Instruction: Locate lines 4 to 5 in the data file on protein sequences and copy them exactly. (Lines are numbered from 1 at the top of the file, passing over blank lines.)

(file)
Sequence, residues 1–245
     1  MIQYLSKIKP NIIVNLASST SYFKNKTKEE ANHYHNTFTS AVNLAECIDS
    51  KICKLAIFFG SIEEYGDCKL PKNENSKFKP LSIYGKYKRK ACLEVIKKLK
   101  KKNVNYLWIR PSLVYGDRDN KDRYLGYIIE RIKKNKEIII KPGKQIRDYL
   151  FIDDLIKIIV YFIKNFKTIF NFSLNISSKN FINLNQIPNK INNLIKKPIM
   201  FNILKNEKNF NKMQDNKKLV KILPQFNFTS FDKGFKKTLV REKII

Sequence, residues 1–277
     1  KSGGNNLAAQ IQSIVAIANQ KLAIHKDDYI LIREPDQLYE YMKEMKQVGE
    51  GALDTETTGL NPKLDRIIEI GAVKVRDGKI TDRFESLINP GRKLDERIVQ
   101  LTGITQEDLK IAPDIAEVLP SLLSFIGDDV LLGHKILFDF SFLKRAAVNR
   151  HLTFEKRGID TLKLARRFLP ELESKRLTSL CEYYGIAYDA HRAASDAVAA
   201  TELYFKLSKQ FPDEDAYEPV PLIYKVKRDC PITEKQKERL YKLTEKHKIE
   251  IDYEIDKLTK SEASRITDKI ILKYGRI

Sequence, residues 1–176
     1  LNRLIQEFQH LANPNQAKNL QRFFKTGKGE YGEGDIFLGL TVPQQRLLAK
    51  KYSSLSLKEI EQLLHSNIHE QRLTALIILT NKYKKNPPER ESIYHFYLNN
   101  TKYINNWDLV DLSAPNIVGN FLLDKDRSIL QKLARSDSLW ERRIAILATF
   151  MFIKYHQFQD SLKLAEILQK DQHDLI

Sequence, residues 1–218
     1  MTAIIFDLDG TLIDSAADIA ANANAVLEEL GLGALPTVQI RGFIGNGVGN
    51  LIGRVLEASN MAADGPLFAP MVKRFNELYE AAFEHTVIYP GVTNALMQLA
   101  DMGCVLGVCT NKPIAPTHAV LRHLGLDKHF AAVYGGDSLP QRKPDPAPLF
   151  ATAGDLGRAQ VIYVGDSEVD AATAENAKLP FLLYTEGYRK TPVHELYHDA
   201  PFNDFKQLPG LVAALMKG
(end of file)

   101  KKNVNYLWIR PSLVYGDRDN KDRYLGYIIE RIKKNKEIII KPGKQIRDYL
   151  FIDDLIKIIV YFIKNFKTIF NFSLNISSKN FINLNQIPNK INNLIKKPIM